5. An alma survey of submillimeter galaxies in the extended Chandra deep field-south: The agn fraction and X-ray properties of submillimeter galaxies

    Energy Technology Data Exchange (ETDEWEB)

    Wang, S. X.; Brandt, W. N.; Luo, B. [Department of Astronomy and Astrophysics, 525 Davey Lab, The Pennsylvania State University, University Park, PA 16802 (United States); Smail, I.; Alexander, D. M.; Danielson, A. L. R.; Karim, A.; Simpson, J. M.; Swinbank, A. M. [Institute for Computational Cosmology, Durham University, South Road, Durham DH1 3LE (United Kingdom); Hodge, J. A.; Walter, F. [Max-Planck Institute for Astronomy, Königstuhl 17, D-69117 Heidelberg (Germany); Lehmer, B. D. [The Johns Hopkins University, Homewood Campus, Baltimore, MD 21218 (United States); Wardlow, J. L. [Department of Physics and Astronomy, University of California, Irvine, CA 92697 (United States); Xue, Y. Q. [Key Laboratory for Research in Galaxies and Cosmology, Center for Astrophysics, Department of Astronomy, University of Science and Technology of China, Chinese Academy of Sciences, Hefei, Anhui 230026 (China); Chapman, S. C. [Institute of Astronomy, University of Cambridge, Madingley Road, Cambridge CB3 0HA (United Kingdom); Coppin, K. E. K. [Centre for Astrophysics, Science and Technology Research Institute, University of Hertfordshire, Hatfield AL10 9AB (United Kingdom); Dannerbauer, H. [Universität Wien, Institute für Astrophysik, Türkenschanzstraße 17, 1180 Wien (Austria); De Breuck, C. [European Southern Observatory, Karl-Schwarzschild Straße 2, D-85748 Garching (Germany); Menten, K. M. [Max-Planck-Institut für Radioastronomie, Auf dem Hügel 69, D-53121 Bonn (Germany); Van der Werf, P., E-mail: xxw131@psu.edu, E-mail: niel@astro.psu.edu [Leiden Observatory, Leiden University, P.O. Box 9513, NL-2300 RA Leiden (Netherlands)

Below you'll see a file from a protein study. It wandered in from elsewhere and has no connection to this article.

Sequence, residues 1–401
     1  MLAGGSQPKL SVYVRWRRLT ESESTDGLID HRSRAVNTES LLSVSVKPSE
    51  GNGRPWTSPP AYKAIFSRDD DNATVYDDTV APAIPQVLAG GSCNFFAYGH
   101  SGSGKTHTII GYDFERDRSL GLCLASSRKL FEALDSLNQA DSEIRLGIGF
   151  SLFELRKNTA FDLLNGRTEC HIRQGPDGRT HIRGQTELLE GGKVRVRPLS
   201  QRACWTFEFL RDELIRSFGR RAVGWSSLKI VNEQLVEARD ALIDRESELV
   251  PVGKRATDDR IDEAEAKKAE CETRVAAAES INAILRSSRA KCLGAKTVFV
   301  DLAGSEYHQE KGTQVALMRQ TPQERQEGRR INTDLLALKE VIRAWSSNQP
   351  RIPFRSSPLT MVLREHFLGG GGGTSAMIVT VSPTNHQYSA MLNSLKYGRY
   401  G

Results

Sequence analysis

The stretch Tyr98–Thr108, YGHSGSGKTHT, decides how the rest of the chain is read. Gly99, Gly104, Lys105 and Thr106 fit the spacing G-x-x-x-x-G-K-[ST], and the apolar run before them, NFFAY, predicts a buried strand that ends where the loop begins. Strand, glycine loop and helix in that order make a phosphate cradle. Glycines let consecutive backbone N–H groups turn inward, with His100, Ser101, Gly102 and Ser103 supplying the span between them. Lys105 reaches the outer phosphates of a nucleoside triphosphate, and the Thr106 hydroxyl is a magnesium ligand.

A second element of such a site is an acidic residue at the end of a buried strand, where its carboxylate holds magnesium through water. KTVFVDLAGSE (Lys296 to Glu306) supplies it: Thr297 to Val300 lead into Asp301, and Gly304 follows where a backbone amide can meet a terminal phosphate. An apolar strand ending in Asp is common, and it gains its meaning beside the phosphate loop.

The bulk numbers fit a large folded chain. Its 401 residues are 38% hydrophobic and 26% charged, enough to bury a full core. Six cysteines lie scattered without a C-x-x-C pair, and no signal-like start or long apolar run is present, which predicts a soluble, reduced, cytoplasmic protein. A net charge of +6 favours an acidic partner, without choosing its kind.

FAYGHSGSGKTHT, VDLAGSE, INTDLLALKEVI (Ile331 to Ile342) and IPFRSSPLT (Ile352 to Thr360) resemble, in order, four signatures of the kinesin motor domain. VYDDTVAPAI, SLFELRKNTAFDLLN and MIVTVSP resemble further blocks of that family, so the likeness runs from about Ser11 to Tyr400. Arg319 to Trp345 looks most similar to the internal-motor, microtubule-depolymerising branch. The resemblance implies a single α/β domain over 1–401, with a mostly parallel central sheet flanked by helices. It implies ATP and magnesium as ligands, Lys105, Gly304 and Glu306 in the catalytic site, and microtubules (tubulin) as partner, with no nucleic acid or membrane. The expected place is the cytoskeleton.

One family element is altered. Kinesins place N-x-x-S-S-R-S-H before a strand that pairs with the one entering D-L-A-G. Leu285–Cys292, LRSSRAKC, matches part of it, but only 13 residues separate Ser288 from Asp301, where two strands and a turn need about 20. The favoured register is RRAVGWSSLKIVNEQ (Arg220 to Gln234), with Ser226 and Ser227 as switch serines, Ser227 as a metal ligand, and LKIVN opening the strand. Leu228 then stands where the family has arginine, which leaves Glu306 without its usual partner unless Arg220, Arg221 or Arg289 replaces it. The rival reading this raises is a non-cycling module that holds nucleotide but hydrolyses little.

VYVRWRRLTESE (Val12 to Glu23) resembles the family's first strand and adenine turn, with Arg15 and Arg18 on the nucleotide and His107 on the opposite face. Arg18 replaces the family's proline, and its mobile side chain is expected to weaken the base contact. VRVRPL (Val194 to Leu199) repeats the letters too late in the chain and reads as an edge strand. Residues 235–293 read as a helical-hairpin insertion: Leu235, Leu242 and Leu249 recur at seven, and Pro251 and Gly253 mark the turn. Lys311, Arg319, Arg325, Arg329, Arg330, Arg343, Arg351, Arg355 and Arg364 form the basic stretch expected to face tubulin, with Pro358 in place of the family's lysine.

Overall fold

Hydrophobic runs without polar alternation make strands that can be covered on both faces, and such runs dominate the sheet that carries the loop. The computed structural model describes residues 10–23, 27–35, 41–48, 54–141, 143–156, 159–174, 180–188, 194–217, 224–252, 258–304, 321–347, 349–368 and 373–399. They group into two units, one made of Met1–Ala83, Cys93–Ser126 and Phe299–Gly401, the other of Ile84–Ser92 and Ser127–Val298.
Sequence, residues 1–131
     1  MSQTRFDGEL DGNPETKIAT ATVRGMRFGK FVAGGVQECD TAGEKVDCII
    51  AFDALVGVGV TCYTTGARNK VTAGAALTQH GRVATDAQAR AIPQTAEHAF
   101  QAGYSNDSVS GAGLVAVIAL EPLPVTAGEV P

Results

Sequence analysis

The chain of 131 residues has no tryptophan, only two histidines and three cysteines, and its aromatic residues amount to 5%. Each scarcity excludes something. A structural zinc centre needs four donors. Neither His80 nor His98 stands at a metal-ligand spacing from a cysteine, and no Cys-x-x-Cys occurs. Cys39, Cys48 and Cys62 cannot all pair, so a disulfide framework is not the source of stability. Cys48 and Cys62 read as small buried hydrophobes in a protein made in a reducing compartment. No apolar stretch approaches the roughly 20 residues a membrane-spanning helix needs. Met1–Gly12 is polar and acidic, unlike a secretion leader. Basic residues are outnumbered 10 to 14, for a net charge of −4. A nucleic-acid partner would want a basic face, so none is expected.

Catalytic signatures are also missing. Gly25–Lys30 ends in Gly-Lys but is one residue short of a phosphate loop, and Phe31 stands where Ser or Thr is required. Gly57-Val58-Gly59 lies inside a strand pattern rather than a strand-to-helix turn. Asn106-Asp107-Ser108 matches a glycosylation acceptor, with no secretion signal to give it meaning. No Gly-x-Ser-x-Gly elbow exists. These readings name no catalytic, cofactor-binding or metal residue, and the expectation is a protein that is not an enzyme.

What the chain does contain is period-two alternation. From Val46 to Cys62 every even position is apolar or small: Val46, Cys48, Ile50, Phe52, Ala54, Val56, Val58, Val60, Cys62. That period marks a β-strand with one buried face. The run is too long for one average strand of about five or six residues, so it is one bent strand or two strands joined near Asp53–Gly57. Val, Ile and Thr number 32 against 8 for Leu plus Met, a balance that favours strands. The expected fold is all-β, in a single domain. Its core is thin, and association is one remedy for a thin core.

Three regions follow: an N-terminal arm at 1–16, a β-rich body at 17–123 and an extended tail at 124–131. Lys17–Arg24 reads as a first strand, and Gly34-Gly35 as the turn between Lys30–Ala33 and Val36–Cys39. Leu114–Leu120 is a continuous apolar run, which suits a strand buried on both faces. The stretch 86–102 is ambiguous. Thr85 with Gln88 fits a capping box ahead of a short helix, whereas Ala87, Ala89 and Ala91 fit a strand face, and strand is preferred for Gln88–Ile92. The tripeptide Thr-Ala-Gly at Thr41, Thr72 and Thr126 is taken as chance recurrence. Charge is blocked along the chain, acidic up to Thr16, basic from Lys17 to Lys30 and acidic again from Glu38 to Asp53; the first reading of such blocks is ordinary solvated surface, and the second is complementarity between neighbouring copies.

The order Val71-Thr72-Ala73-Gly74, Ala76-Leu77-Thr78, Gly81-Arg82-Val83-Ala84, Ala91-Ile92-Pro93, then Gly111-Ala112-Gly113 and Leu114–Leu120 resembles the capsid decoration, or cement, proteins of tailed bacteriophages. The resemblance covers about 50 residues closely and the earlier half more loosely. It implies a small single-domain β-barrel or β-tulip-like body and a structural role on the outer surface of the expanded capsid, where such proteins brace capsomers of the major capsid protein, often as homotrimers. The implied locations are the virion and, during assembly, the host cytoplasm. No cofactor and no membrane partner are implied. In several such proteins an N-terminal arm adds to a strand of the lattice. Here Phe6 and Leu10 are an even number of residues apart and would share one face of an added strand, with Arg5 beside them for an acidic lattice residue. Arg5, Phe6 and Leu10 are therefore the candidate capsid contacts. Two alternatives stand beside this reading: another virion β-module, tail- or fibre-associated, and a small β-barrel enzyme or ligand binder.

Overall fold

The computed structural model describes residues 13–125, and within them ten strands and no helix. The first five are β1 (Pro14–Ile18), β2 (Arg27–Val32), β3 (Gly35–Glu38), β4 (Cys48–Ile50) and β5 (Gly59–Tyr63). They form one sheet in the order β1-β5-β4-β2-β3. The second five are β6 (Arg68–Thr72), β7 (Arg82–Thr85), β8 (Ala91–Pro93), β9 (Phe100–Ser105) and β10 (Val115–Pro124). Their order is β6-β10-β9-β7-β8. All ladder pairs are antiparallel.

2013-12-01

    The large gas and dust reservoirs of submillimeter galaxies (SMGs) could potentially provide ample fuel to trigger an active galactic nucleus (AGN), but previous studies of the AGN fraction in SMGs have been controversial largely due to the inhomogeneity and limited angular resolution of the available submillimeter surveys. Here we set improved constraints on the AGN fraction and X-ray properties of the SMGs with Atacama Large Millimeter/submillimeter Array (ALMA) and Chandra observations in the Extended Chandra Deep Field-South (E-CDF-S). This study is the first among similar works to have unambiguously identified the X-ray counterparts of SMGs; this is accomplished using the fully submillimeter-identified, statistically reliable SMG catalog with 99 SMGs from the ALMA LABOCA E-CDF-S Submillimeter Survey. We found 10 X-ray sources associated with SMGs (median redshift z = 2.3), of which eight were identified as AGNs using several techniques that enable cross-checking. The other two X-ray detected SMGs have levels of X-ray emission that can be plausibly explained by their star formation activity. Six of the eight SMG-AGNs are moderately/highly absorbed, with N {sub H} > 10{sup 23} cm{sup –2}. An analysis of the AGN fraction, taking into account the spatial variation of X-ray sensitivity, yields an AGN fraction of 17{sub −6}{sup +16}% for AGNs with rest-frame 0.5-8 keV absorption-corrected luminosity ≥7.8 × 10{sup 42} erg s{sup –1}; we provide estimated AGN fractions as a function of X-ray flux and luminosity. ALMA's high angular resolution also enables direct X-ray stacking at the precise positions of SMGs for the first time, and we found four potential SMG-AGNs in our stacking sample.